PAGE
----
The complement of ch for /tS`/ at the end of a word, is c for /k/ at the end of a word. And while the latter was the usual spelling for word-final /k/ until the late 1300s, it has a similar issue - the converse issue in fact. An adjective with final /k/, e.g. - se_k , spelled as se_c would have to change to se_ke when used with t`e or a demonstrative or a possessive or a plural noun.
To avoid switching the root-final consonant, you would need to use either ch or dotted c` for all instances of /tS`/, and then c for all instances of /k/.
Or - if you prefer a solution without digraphs or diacritics, you could go with the following system:
- c - /tS`/ - PC2, Lmn - at the end of a word;
- k - /k/ - Ch - at the end of a word;
It involves a bit of artistic licence - extending the eME use of k, or co-opting Chaucerian practice. Nevertheless, since that approach aligns with the principles I set out above, that is the default spelling I've adopted for word-final /tS`/ and /k/.
The result is a set of simple, consistent spelling rules which are easy to remember.
c, k, y`, g, sc and sk - sorted
A brief pronunciation guide for this group of spellings is as follows:
- c is pronounced /tS`/ (ModE ch) before ae e i, and at the end of a word; elsewhere, it is pronounced /k/;
- k is pronounced /k/ and is used before e i, and also at the end of a word;
- ch is also pronounced like ModE ch, and is only used before a o u;
- y` is pronounced /j/ (as in ModE year);
- g is pronounced /g/ at the start of word, and /G``/ (as in Dutch "Van Gogh") in the middle of a word; it isn't found at the end of words;
- sc is pronounced /S`/ (as in ModE sheep);
- sk is pronounced /sk/;
For the full pronunciation guide, see sounds and spelling.
Miscellaneous spelling notes
Several alternate spellings are offered for all texts. There is even a description of the principles behind one alternate scheme. However the eME spelling as described above, is the default option. A more detailed discussion of the principles behind the eME spelling is available.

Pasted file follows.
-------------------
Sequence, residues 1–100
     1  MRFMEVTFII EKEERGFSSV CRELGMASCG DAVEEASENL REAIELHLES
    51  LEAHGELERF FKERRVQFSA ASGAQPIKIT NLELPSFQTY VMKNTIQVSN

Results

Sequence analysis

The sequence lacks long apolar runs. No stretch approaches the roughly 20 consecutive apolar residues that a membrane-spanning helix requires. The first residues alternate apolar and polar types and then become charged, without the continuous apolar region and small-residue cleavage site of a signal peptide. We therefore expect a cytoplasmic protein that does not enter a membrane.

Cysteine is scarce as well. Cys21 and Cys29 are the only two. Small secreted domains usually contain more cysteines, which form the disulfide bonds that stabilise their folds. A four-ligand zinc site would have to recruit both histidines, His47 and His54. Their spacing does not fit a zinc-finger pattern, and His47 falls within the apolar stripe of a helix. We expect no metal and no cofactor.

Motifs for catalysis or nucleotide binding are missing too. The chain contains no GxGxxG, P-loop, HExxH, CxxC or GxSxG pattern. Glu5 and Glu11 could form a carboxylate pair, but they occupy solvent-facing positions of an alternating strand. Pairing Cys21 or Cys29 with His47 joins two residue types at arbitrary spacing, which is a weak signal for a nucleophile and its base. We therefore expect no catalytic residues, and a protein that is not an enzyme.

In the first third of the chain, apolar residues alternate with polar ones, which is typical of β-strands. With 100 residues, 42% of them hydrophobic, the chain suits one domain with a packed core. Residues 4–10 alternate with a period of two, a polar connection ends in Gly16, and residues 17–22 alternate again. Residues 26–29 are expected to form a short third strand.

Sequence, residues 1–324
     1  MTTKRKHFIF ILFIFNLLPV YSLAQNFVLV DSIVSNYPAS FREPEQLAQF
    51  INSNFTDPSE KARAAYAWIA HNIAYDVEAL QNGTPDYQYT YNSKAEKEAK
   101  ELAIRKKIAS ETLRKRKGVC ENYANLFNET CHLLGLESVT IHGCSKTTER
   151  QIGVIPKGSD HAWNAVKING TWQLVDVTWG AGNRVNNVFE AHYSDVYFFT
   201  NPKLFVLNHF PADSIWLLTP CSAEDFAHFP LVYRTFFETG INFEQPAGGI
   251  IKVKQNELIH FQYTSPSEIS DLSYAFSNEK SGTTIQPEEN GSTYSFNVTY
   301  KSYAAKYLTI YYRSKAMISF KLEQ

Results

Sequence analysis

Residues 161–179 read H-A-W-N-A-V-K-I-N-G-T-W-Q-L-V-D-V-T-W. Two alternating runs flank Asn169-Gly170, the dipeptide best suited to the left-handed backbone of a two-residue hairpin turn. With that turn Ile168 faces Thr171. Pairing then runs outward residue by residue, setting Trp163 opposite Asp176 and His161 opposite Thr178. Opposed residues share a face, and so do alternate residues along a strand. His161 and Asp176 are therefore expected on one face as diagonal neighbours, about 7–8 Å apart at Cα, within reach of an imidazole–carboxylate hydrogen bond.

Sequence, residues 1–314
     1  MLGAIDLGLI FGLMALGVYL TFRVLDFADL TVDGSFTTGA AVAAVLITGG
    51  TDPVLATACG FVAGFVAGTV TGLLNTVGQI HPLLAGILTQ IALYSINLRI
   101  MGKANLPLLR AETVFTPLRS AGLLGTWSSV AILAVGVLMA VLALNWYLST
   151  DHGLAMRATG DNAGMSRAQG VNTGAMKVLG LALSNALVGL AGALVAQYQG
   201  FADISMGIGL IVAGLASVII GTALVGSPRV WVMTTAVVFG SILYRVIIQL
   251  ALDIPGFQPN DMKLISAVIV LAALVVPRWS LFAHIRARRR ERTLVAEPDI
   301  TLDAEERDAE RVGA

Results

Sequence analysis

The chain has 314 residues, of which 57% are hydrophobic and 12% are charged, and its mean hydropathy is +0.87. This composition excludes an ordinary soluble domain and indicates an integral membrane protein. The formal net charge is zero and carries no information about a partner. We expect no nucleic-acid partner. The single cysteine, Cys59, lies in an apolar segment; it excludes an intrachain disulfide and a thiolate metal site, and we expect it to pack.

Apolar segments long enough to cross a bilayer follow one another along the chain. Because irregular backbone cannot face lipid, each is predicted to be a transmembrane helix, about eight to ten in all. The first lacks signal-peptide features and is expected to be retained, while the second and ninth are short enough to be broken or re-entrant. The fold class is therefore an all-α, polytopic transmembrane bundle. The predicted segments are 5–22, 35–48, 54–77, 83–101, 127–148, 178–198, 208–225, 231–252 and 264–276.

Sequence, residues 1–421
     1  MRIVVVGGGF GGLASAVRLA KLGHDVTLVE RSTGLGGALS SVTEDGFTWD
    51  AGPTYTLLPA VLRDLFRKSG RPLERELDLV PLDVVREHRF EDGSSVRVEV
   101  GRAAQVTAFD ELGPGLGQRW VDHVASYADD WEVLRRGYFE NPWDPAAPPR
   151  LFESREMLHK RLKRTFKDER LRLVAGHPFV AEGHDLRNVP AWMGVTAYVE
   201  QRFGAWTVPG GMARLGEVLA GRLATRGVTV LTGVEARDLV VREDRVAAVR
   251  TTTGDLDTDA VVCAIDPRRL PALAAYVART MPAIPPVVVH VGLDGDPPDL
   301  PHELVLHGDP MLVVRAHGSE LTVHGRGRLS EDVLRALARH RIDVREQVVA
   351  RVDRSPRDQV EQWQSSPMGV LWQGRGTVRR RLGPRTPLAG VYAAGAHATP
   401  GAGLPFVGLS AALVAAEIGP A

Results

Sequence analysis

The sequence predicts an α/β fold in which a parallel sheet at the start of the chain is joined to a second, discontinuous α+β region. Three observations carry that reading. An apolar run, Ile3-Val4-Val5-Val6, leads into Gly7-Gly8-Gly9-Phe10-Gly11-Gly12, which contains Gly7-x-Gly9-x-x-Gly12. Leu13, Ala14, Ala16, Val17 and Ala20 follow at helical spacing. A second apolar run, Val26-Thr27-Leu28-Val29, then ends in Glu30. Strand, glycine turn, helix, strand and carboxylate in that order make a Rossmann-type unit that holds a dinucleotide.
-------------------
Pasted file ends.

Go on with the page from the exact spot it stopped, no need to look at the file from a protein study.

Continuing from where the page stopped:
The character of eME
Given that the East Midland dialect (c 1150 AD) is normalised in englesaxe (eME), how could it be characterised? Which does it resemble more closely - Orm or PC2?
On the page (or screen), at first glance, eME looks more like PC2. Orm is unique in its use of doubled consonants to indicate short vowels, and these doubled consonants tend to draw the eye. On the other hand, eME uses the letter yogh - y`, which is found in Orm and all secondary sources, but not PC2. Since the fallback for spelling conflicts between PC2 and Orm is the spelling closest to OE, eME leans on the conservative side. For example, g for /G``/ (PC2) and f for /v/ (Orm) are rare in late 12th and early 13th century texts. Nevertheless, conservative (OE) spellings are found in other contemporary sources. Lmn has c for /tS`/ and sc for /S`/, while AW has both cw and hw.
To the ear, eME should be very close to the speech of Peterborough (central Midlands - where PC2 was written), and thus closer to the general traits of East Midland, than would be Orm, if read aloud by its author. Orm had some peculiarities usually associated with the Northern dialect but apparently also found in the north Midlands, e.g. final /k/ rather than /tS`/ in places.
The lexicon of eME is conservative, with few French loanwords, and in that respect resembles Orm and Lmn rather than PC2. The grammar on the other hand is progressive, avoiding altogether the odd double stems and traces of the case system in the indefinite article, which crop up rarely in Orm.
More on normalisation
Looking for more background on the normalisation of the East Midland dialect c 1150, in englesaxe? For an outline of the basic principles applied to the normalisation of word forms, together with a list of the abbreviations and definitions used, see eME normalisation of forms I. For examples of eME forms and additional eME forms, i.e. - the principles in action, together with a look at the role that Chaucer and Modern English play, see eME normalisation of forms II. For a discussion of some of the finer points, see eME normalisation issues
- also found (rarely) after a front vowel, where it is a palatal fricative /J`/, rather than velar /G``/